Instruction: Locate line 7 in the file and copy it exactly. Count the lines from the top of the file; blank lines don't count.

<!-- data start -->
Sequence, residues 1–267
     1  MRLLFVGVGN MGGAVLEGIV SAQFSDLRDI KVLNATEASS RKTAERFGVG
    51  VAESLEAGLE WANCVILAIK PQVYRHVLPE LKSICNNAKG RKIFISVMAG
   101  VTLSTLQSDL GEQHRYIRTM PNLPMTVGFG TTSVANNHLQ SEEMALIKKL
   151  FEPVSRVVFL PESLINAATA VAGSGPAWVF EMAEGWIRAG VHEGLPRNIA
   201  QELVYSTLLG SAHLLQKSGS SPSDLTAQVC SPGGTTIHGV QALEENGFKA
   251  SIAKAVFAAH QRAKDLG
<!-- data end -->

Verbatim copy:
   251  SIAKAVFAAH QRAKDLG